Saleem Khan, 29, was hand selected by top generals to serve as an enlisted aide to the deputy chief of staff in the U.S. Air Force. Only a few enlisted aides are offered this opportunity, as they work closely with high profile dignitaries on a regular basis. In his role, Khan proved himself to be a dedicated worker over the course of a ten-year military career. An avid fan of Caribbean food, he has planned, prepared and executed dozens of social events from start to finish. Think of him as a master of high-end military catering...
When you were little what did you want to be when you grew up?
Ever since I was 5, growing up in Trinidad, I wanted to be in the US Military. My family came to the US when I was 15 to pursue greater opportunities. When I was 18, I enlisted.
What inspired you about the US Military?
The opportunities they can provide, the training, the education, the contacts, the experiences, everything! The way they have helped me prepare for life is not something I could have learned on the outside.
What has your military career been like?
I started in the Air Force in 1997 at Wright-Patterson Air Force Base in Ohio. I was there for 5 years. During that time, I worked in healthcare management. After that, I cross trained into contracting and acquisitions and was then stationed at Bolling Air Force Base in Washington, DC. I was in charge of negotiating multi million dollar deals. It was pretty exciting. During that time, I attended the Defense Acquisitions University, which is where I earned my certification as an acquisition professional.
Favorite TV show
When did your interest turn to catering and event planning instead of acquisitions?
A few years back, one of the senior enlisted aides, whom I greatly admired, suggested I apply for this opportunity. It sounded like something I’d be quite good at. I put together my resume and a few months later, I was offered the position. I’ve always been interested in food. I love eating food and I love cooking food. When my brother enrolled in the French Culinary Institute, I started thinking more about cooking as a career. When I joined the military, I was working in the healthcare management field. After a few years, I decided that I wanted to try something new, so I got into acquisitions. I earned my certificate and then this job opened. Since only a few are hand-selected for the job, I was thrilled to have a chance at the opportunity.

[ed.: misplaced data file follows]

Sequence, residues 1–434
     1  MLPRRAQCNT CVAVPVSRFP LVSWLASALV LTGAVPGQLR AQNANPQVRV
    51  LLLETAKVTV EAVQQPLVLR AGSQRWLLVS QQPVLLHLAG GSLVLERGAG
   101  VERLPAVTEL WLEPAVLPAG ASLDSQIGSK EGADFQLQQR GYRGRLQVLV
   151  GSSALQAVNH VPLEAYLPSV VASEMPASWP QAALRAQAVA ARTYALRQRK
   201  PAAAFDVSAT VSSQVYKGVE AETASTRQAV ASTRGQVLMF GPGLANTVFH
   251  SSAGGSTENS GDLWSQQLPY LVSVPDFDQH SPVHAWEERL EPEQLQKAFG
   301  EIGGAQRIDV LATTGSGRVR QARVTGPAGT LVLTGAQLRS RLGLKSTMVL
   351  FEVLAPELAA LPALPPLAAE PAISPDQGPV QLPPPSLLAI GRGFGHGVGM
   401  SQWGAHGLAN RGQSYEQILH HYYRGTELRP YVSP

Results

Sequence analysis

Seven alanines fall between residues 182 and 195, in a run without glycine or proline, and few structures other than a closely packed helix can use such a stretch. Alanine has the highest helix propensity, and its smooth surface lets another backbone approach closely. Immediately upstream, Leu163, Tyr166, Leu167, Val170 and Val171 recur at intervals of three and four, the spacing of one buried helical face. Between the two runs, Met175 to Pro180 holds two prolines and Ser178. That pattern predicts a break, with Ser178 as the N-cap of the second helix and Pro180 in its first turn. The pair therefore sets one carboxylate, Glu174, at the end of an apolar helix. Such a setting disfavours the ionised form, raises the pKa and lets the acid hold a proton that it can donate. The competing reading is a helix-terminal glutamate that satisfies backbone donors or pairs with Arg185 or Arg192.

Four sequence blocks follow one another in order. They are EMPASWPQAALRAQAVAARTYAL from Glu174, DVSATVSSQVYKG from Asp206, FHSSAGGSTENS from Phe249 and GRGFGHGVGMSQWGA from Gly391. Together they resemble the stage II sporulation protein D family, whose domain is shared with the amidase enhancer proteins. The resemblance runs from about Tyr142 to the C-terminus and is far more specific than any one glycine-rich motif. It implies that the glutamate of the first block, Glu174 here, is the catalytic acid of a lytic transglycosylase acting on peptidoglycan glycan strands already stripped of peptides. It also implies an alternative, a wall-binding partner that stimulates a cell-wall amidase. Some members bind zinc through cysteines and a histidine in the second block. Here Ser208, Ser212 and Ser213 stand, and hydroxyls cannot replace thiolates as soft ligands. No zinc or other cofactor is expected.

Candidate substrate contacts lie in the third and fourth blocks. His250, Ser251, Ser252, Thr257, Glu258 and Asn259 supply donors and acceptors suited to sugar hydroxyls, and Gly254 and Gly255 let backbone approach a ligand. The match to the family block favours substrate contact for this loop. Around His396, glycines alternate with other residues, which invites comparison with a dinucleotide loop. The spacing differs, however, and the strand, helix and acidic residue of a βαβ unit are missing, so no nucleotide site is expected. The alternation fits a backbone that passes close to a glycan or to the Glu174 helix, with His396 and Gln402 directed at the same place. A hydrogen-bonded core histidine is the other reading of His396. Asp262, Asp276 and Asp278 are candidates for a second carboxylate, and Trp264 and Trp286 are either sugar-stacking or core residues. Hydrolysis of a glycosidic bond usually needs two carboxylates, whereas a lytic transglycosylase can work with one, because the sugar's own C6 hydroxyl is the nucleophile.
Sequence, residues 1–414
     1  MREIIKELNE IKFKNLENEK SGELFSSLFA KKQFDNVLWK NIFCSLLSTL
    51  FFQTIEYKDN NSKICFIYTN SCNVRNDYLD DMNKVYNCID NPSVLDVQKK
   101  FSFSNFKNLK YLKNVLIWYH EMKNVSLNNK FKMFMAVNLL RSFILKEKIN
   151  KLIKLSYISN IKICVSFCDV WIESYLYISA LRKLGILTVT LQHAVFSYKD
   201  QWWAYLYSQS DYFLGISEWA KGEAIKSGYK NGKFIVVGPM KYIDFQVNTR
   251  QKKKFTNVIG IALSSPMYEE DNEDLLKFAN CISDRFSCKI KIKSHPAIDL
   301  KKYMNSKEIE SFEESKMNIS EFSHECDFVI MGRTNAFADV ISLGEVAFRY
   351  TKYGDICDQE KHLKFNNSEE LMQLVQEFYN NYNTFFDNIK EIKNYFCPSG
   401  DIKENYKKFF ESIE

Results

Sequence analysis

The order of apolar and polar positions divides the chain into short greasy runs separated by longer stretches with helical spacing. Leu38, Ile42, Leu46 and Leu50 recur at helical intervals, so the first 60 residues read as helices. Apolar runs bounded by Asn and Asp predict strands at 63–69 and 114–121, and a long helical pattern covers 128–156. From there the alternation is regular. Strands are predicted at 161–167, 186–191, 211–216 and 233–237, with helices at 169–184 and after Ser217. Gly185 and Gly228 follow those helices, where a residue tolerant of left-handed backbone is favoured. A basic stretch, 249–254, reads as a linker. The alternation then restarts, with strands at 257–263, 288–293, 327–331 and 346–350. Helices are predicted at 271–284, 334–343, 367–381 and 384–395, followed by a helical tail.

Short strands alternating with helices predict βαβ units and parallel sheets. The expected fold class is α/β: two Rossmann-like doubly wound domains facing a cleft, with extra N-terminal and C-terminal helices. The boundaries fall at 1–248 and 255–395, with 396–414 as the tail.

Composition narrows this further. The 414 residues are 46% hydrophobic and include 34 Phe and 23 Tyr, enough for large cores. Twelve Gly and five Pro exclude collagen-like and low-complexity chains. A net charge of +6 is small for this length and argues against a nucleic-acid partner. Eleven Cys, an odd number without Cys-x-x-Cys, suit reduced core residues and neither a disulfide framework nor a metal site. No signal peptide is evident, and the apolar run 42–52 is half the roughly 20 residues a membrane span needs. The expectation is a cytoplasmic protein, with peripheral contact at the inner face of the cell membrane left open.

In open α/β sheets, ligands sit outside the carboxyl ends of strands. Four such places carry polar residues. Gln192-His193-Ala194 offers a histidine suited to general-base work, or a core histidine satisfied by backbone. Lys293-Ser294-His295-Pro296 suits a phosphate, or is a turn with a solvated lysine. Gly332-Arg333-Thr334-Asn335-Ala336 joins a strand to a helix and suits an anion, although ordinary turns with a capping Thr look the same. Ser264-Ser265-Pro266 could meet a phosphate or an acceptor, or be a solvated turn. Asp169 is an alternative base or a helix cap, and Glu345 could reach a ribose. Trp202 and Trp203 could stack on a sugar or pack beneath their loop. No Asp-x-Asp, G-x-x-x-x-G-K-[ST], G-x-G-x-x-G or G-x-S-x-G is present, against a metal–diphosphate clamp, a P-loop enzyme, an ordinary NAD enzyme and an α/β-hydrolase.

What is a typical day for you?
Every day is different. Today for example, I’m planning a social function for the Air Force 12 Outstanding Airman of the year. I spent the majority of my morning going to meetings about the event. Then I went to the site to evaluate the space, and then I met with the team to come up with a menu and a game plan. Tomorrow, I’ll be shopping for the food. The next day I’ll be cooking, setting up, serving and cleaning up. Basically, we do it all.
What have you learned about food and foodservice management over the past few years?
There is a lot you can do with food. It’s not nearly as easy to prepare as it may seem. It’s a lot of work and I commend chefs, especially in the noncommercial segments, for all the hard work they put in. What is your favorite kind of food? I like anything spicy! I grew up in the Caribbean, so those flavor profiles often find their way into my menu mix, within reason. If I had to pick one food to live on for the rest of my life, it would be rôti.
Are there any industry trends you’re watching?
Everyone talks about nutrition and health on the outside, but in the Air Force, it’s much more focused. Food is fuel. We have this program called “Fit to Fight” and everything we do is geared toward that motto. I try to keep current on the Food Network too. Any favorite shows? I like Bobby Flay and Iron Chef. Top Chef is okay too.
Where do you see yourself in 5 years? 10 years?
In five years, I’d like to be promoted up the chain. I would love to be a senior enlisted aide working for the chief of staff for the Air Force or the Chairman of the Joint Chiefs of Staff, but that’s more likely in ten years. Someday, when I’m out of the military, I’d like to enter the business world and perhaps find a way to combine my acquisitions and food management abilities. I’d love to open my own restaurant or even start